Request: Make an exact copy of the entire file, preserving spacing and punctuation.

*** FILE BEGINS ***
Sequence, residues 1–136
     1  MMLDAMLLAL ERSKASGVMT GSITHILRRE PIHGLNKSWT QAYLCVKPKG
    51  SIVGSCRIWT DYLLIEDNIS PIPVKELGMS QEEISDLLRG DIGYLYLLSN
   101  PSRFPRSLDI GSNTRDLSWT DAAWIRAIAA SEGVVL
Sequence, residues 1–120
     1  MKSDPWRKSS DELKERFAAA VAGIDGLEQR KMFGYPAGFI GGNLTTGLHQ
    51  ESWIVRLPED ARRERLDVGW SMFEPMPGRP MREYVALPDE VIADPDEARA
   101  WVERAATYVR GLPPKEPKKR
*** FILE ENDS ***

Sequence, residues 1–136
     1  MMLDAMLLAL ERSKASGVMT GSITHILRRE PIHGLNKSWT QAYLCVKPKG
    51  SIVGSCRIWT DYLLIEDNIS PIPVKELGMS QEEISDLLRG DIGYLYLLSN
   101  PSRFPRSLDI GSNTRDLSWT DAAWIRAIAA SEGVVL
Sequence, residues 1–120
     1  MKSDPWRKSS DELKERFAAA VAGIDGLEQR KMFGYPAGFI GGNLTTGLHQ
    51  ESWIVRLPED ARRERLDVGW SMFEPMPGRP MREYVALPDE VIADPDEARA
   101  WVERAATYVR GLPPKEPKKR